A little over a week ago, Apple surprised developers by issuing a new beta of its iOS 13 operating system, which will run on the upcoming iPhones expected in September. Every year, Apple releases iOS developer betas for its x.0 version: The process starts in early June, when the features are announced at its developers’ conference (WWDC), and runs to mid-September when the new phones are shown off at an invite-only event.
But it didn’t happen that way this year.
Instead of getting a new version of 13.0, we got the first beta of 13.1, which you wouldn’t expect to see until 13.0 had reached “GM” (Gold Master status — a phrase from the old days when new versions of operating systems came on CDs, which were copied from a master version made of, yes, gold).
The last beta of 13.0 was thus beta 8, on August 21.
The people at Apple are rational. Believe this above all else.
There followed lots of post-facto rationalization from various folks. “Aha!” they said. “Earlier betas of 13.0 were unreliable compared to those of 12.0, so Apple just took out some of the features promised at WWDC for 13.0, and it’s adding them back for 13.1!” By their logic, Apple had decided to go for “stability” in 13.0, and would then deploy the harder-to-do features in a later release. (In the past, the x.1 release typically follows about six weeks after the x.0 GM release.)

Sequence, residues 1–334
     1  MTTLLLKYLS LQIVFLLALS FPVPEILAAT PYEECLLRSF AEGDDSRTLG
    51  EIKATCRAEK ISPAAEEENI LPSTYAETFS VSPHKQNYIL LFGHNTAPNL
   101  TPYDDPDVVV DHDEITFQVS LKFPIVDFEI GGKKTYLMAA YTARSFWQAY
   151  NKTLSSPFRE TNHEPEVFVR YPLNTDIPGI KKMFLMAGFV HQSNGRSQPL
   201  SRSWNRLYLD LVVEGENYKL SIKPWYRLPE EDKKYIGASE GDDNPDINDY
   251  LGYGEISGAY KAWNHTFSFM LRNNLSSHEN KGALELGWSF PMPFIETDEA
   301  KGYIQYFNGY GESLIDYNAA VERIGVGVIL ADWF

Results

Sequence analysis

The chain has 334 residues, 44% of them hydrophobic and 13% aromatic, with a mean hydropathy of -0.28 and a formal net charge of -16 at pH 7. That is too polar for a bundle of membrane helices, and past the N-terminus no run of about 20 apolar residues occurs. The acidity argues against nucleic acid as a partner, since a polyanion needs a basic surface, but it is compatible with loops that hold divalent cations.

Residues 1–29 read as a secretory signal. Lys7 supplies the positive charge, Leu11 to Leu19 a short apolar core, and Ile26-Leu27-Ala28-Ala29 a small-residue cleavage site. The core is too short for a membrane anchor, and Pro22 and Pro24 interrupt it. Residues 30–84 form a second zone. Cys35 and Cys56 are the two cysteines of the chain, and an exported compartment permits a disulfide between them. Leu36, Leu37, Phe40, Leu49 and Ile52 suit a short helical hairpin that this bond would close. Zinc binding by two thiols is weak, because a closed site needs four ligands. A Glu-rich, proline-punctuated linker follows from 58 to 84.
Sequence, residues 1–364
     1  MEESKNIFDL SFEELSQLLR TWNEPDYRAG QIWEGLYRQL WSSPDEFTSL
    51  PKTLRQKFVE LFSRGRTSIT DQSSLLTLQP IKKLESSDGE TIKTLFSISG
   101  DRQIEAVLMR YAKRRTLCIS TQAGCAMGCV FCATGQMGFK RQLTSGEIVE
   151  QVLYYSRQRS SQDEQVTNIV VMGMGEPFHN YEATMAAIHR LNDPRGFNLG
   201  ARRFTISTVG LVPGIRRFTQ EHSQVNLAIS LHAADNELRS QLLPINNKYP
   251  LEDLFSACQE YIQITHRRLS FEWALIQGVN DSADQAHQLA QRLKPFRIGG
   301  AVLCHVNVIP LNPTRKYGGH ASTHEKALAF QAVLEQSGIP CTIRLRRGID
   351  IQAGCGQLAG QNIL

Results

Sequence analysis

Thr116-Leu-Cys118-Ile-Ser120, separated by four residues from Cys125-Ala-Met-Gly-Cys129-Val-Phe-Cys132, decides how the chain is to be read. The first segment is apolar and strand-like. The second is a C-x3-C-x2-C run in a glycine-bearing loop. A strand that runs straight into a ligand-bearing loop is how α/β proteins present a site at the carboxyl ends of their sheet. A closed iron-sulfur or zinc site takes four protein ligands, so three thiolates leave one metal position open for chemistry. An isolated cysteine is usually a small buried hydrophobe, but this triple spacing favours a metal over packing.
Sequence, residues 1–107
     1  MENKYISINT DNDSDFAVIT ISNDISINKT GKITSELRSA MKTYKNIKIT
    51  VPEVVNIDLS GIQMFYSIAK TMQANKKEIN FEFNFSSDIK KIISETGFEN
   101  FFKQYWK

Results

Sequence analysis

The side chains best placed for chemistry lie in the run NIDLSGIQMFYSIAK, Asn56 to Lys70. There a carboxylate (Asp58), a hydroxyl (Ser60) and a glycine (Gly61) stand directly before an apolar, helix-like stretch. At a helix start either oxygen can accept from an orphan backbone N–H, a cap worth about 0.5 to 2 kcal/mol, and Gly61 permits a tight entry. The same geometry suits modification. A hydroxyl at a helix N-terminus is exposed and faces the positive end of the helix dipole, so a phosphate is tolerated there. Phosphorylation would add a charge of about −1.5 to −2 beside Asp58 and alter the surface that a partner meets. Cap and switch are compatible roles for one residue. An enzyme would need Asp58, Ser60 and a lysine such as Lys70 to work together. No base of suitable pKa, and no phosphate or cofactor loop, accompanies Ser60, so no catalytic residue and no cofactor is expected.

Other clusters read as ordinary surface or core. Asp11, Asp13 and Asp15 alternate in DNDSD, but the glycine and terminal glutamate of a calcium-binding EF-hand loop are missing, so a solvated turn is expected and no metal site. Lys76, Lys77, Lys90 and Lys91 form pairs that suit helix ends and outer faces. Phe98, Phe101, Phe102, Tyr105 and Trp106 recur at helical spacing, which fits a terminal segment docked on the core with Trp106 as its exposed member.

I don’t think so. What I’ve heard — third-hand, from someone reliable, who says they heard it from someone who works at a non-iOS part of Apple — is that Apple did this to preempt tariffs on iPhones that were due to be applied in the U.S. from September.
Holy forking tarballs
Nobody at Apple is likely to confirm this one way or another, so we have to use the usual Occam’s razor approach to all this — gathering all the available information to try to pick what seems the most rational explanation. Because the people at Apple are rational. Believe this above all else.